In the UK, each person throws away five times their own body weight in waste per year.
Items that are thrown away are sent to landfill or incinerated.
In recent years, more waste has been reused, recycled or composted, but there is still a lot more to be done.
Why is it good to keep things out of landfill
Putting items in landfill is quite simply, a waste of resources!
While composite materials such as crisp bags and pet food pouches can’t be recycled, there are plenty of materials that can. And once these are put into landfill, they are lost forever (although I see a time when we realise our mistake and mine our landfills for valuable resources!)
The other downside to putting things in landfill is environmental damage. When things start to decompose, they produce methane, a potent greenhouse gas.
The waste hierarchy
The waste hierarchy is a common sense approach to waste management. Most of us have heard of the 3Rs – Reduce, Reuse, Recycle. Well, they’re written in that order for a good reason! While recycling is a fantastic way to increase the life of valuable resources, it is less energy intensive to reuse things and better still to reduce the amount of things you buy in the first place.
By refusing things at source, or finding more sustainable alternatives, you can start to live a more zero waste lifestyle.
Reusing items is a simple way to get as much use from that item or material as possible and you’re probably already doing some of them without realising.
- Take your own reusable bags to the shops
- Fill your own bottle with water before you go anywhere
- Reuse food leftovers as ingredients for another meal
- Reuse glass food jars for storing small items
- If you have unwanted items, take them to a charity shop or offer on Freecycle so someone else can reuse them
- Use old envelopes to write your shopping list on
- Use washable cloths instead of paper kitchen roll
- Use old ice cream or margarine containers for storing food in the freezer
- Use old yogurt pots or fruit punnets for sowing seeds
Most households in the UK benefit from some sort of county council kerbside collection. Contact your Local Authority to find out what you can recycle at home.
Be aware that different areas offer different collections, so what is true for a friend, might not be true for you.
At the time of writing this page I can recycle the following from my kerbside:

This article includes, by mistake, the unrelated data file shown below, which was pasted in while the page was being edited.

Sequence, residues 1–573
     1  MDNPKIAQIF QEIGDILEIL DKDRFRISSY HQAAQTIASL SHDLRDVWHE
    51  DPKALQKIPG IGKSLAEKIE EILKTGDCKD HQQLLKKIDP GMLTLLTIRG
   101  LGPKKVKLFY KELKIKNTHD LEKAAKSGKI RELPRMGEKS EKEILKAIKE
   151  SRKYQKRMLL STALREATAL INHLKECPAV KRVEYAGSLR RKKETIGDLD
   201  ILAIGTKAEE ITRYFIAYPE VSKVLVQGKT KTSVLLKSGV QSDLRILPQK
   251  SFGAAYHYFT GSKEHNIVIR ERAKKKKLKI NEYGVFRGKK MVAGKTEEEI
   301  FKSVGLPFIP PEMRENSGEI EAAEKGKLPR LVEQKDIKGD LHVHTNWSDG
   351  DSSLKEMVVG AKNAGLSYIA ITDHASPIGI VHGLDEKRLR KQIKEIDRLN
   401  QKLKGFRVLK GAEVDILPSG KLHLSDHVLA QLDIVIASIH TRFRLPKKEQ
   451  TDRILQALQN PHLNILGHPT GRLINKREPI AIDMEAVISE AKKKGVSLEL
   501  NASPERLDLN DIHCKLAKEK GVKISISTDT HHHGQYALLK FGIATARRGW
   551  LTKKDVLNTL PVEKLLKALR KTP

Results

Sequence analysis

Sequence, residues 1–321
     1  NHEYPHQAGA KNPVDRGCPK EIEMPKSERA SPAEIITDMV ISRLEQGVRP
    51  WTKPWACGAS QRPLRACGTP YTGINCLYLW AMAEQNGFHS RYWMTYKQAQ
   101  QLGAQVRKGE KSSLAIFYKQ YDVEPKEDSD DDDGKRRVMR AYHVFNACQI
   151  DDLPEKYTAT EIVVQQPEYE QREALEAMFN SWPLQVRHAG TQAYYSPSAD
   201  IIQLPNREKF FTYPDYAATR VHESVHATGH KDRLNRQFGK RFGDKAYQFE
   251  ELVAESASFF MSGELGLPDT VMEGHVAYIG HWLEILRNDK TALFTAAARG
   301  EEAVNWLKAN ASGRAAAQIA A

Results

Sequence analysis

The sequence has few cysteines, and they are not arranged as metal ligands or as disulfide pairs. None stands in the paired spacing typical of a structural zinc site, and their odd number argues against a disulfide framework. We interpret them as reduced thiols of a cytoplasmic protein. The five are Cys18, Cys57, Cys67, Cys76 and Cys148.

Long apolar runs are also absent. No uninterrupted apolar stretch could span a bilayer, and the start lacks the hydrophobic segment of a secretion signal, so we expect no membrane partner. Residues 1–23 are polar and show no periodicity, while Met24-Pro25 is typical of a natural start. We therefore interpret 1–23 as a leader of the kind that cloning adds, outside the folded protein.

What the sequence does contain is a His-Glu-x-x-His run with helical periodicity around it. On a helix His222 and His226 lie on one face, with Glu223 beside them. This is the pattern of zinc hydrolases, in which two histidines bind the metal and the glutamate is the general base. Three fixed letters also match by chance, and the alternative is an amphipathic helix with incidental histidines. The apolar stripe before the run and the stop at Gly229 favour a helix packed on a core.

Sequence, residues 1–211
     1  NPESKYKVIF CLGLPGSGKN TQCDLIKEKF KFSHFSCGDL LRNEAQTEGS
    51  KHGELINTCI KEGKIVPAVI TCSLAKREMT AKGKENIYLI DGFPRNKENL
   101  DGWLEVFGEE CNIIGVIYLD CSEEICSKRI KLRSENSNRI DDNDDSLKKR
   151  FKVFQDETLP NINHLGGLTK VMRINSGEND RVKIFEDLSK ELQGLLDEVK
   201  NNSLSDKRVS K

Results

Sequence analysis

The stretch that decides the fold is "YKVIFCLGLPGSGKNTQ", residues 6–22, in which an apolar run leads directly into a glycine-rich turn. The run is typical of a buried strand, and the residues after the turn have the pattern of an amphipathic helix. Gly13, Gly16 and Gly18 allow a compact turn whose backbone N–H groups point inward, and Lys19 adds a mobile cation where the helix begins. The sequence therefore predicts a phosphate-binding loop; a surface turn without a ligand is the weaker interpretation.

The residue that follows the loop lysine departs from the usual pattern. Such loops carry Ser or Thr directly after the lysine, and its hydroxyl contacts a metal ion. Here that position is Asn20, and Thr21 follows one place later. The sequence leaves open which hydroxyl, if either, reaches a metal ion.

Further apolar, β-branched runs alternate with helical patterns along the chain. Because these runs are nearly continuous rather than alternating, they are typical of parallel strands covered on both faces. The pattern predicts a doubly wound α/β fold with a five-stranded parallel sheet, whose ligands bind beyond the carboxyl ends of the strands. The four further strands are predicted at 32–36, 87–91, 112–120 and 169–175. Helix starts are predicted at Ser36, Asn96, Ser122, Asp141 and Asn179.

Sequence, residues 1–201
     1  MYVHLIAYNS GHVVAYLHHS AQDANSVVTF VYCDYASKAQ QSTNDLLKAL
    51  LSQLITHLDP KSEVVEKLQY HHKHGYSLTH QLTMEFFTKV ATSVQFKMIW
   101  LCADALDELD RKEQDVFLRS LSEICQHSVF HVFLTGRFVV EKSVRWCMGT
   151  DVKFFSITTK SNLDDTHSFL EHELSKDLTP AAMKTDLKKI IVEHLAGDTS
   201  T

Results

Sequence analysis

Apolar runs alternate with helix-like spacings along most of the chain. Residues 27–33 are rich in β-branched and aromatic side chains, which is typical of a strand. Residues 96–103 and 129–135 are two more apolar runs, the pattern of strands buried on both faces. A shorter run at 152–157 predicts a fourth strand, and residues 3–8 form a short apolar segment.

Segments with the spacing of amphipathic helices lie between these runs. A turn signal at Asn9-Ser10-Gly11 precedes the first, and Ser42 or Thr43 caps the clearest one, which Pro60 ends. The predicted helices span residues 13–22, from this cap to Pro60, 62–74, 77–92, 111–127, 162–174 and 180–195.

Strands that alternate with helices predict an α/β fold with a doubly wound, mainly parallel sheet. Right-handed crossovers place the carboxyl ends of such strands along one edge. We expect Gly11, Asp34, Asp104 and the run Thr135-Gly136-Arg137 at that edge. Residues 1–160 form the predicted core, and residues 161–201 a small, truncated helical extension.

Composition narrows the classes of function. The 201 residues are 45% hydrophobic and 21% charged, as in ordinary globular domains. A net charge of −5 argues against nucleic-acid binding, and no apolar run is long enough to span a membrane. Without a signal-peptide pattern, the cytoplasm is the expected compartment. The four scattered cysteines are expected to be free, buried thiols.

There are also local bring bank sites and household recycling centres that take a side range of materials. Locally I can recycle:
Tetra Pak Cartons
This recycling locator from Recycle Now is simple to use – type in your postcode and you’ll see at a glance what you can recycle at home and in your local area.
Examine the packaging of a product and you *should* find some recycling information.
Here are some of the most common symbols:
The Green Dot
The Green Dot is frequently misunderstood. This does NOT mean a product can be recycled, it just means the manufacturer of the product contributes to the cost of recovery and recycling. The Green Dot logo merely indicates that a company has joined the Green Dot scheme, and not necessarily that the package is fully recyclable.
On-Pack Recycling Label
Frequently found on food packaging and toiletries, the on-pack recycling label (OPL) tells you the kind of packaging the item is and whether the packaging is recyclable.
Plastic Recycling numbers
You should find these on most types of plastic. Each one specifies the type of plastic resin used to make the item. You’ll need to contact your local council to see which ones you can recycle at home.
Anything with a battery or plug is classified as WEEE – this must not go into landfill (hence the crossed out wheelie bin) and can be returned to electronic manufacturers and some local household recycling centres.
Find out more
Zero Waste Week runs an engaged and helpful Facebook Group where people from across the world will share their ideas with you and ask questions. Find the Facebook Group here.